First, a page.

Unpackaged Open Font: Comfortaa

Comfortaa is a sans-serif typeface created by Johan Aakerlund, a young and very talented, self-taught font designer from Denmark who has been creating fonts for around 2 years now. I asked Johan what inspired him to create Comfortaa, and he responded, “What really got me interested in fonts in the first place was actually a documentary on Helvetica that i watched. At that time my favorite font was Century Gothic, but I wanted a softer (and plainly different) alternative, but with some of the same qualities as Century Gothic. So after searching a while without finding one I decided to try and design it myself.” He has named it Comfortaa because of his goal of making it ‘comfortable.’
Johan recently changed Comfortaa’s license such that it is now licensed under the Open Font License. Comfortaa is a great font feature-wise, because it features three weights:

Comfortaa’s coverage is also great. Fedora’s design team has been running a trial of Comfortaa to see if it’d be a suitable headline font for Fedora, and we’ve found it has much better glyph coverage in our languages than our current headline font, MgOpen Modata. One big win, for example, is Comfortaa’s Cyrillic support (it looks like only ‘Ҙ’ ‘Ҫ’ ‘Ҡ’ and ‘Ӏ’ are missing below):

Comfortaa is a clean & contemporary font that will serve you well as a heading font and in logo treatments. For example,
Luya Tshimbalanga (who first introduced the Fedora Design team to Comfortaa) used this font in the headlines for Muffin, the French Fedora user magazine (MgOpen Modata didn’t have sufficient glyphs for French!) Emily Dirsh, our recent design bountry winner also used it as a headline font in the Fedora slide presentation template. Typographically-speaking, Comfortaa can be considered a geometric sans serif font; geometric because some of the letterforms are based around geometric forms, such as the lowercase ‘a’ and ‘o’ being so close to perfect circles. The width of the letterforms is also quite uniform (meaning it’s not a humanist font.)
Comfortaa is licensed under the Open Font License.

So, you want to package Comfortaa?

The Fedora design team is planning to replace MgOpen Modata with Comfortaa in our brand guidelines. Getting Comfortaa packaged into Fedora is then a very important step. So if you would be willing to help us out, it would be very much appreciated, not just to expand the range of fonts available in Fedora but also to help improve Fedora’s branding!
You’ll want to follow the first steps here next to the ‘if you intend to do some packaging’ header:

Our fonts packaging policy, which the above refers to, is documented here:

And if you have any questions throughout the process, don’t hesitate to ask on the Fedora Fonts SIG mailing list:

Last Font

The last font this blog series covered was Gillus ADF. Nobody has picked up the font package request yet! Would you like to?
Yes, font blog posts are back! Probably not weekly though. I’ll give monthly a shot! :).


  1. nice, I always liked your font blog post 😉

  2. Hey Máirín, don't know if you saw my blog post about The Board. Here it is:
    I'm looking for a free (as in freedom) font to use by default in The Board. Any suggestion for a font that would go well with this kind of app?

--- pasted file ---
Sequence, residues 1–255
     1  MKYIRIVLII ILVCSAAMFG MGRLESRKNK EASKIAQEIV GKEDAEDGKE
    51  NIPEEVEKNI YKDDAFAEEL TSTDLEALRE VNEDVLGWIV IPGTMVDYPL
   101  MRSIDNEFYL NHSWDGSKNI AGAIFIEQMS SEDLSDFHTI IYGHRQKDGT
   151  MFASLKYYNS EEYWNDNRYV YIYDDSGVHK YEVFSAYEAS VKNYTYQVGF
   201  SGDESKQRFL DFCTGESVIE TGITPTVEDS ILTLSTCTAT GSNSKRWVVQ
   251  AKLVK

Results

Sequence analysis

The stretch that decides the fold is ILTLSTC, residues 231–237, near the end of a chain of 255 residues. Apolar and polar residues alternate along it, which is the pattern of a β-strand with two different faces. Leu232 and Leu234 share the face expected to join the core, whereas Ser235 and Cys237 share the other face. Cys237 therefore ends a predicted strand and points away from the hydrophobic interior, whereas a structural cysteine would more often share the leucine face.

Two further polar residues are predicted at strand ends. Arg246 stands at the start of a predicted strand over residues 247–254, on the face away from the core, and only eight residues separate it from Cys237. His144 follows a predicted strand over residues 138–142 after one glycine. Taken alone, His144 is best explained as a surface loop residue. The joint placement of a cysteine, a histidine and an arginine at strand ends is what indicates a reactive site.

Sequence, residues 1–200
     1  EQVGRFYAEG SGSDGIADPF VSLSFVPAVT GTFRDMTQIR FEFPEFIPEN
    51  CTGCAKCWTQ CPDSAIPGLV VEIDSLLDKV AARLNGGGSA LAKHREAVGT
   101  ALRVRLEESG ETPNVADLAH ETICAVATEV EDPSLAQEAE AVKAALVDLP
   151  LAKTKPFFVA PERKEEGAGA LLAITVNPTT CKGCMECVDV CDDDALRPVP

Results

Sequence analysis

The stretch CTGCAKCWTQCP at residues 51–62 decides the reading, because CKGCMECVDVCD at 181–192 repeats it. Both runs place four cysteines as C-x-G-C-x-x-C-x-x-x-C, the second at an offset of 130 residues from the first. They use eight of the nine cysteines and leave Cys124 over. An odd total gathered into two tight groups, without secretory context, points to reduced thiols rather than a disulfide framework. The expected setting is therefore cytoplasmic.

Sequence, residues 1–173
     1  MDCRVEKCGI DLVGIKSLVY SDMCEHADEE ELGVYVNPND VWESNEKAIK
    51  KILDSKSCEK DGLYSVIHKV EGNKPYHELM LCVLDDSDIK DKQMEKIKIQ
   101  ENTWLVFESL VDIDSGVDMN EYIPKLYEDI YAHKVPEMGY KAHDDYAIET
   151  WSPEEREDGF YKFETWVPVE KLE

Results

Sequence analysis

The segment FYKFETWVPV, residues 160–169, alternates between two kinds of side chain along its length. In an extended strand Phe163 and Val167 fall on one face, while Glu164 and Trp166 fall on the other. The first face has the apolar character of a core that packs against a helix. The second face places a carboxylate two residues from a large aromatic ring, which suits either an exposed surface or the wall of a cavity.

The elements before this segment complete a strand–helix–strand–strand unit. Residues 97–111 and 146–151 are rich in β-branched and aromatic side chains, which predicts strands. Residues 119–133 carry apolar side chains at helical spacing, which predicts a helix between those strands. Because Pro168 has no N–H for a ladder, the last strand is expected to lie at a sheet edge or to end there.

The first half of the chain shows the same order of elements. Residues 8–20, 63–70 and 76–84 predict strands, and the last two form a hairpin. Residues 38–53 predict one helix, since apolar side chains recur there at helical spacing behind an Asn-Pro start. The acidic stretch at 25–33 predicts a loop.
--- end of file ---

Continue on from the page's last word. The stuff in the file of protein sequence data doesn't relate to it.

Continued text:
1. Hey Lucas, if you want a freedom-free handwriting-style font, one I like to use is called Rufscript: http://hiran.in/blog/rufscript-font

      1. +1 for Rufscript, this is what I used in my comic too (moved to it from another one).

  3. Thanks for a successful campaign. Not only the font is awesome, but also you managed to sensibilize the author to the benefits of the licences we are so fond of.
    I look forward to see more design improvements on Fedora! Keep up the good work, no doubt it will pay off.

  4. Khudsa says:

    Thank you for discoveri me this font. I like it, it's clean and nice!

  5. Ah! I like this one, especially the light version. Thanks. 🙂

    1. I know!!!! The light version is really sweet 🙂 Glad you like it!

  6. I've been researching free fonts myself this last week.
    After a lot of tests, I've found the best serif fonts to be: Junicode (Garamond-like), URW Palladio (Palatino-like) and Linux Libertine (Times-like). These are all high-quality and have bold, italics, bold italics, small-caps and old-style figures.
    When it comes to sans-serif fonts, the situation is a lot more bleak. The condensed version of DejaVu Sans is usable. Other than that, I've only found Lucida Sans (comes with Sun's Java, not re-distributable). However, this Lucida Sans font is badly spaced and lacks basic ligatures.

    1. Hi el Primo, have you seen earlier posts in this blog series? You might find more you like:

      1. That's the link I have bookmarked, as the category link at the top of your posts doesn't work — it points to en.wordpress.com instead of your site. (I don't know how to fix it, sorry!)

  7. Luya Tshimbalanga says:

    I am willing to package Comfortaa. That will be the first time I will package a font but the process should not be hard. spec file and source rpms will be available as soon as possible.

  8. Alejandro Nova says:

    I always used UnDinaru as my interface font. That's a Korean font that closely resembles MgOpen Modata, but had all those accented glyphs and Ns with tilde that Spanish-speaking people like me love.
    Although I love this as a definitive solution, please, give UnDinaru a shot.

  9. Derek P. Moore says:

    Check out this new font: MK12 Chadwick
    made for this film:

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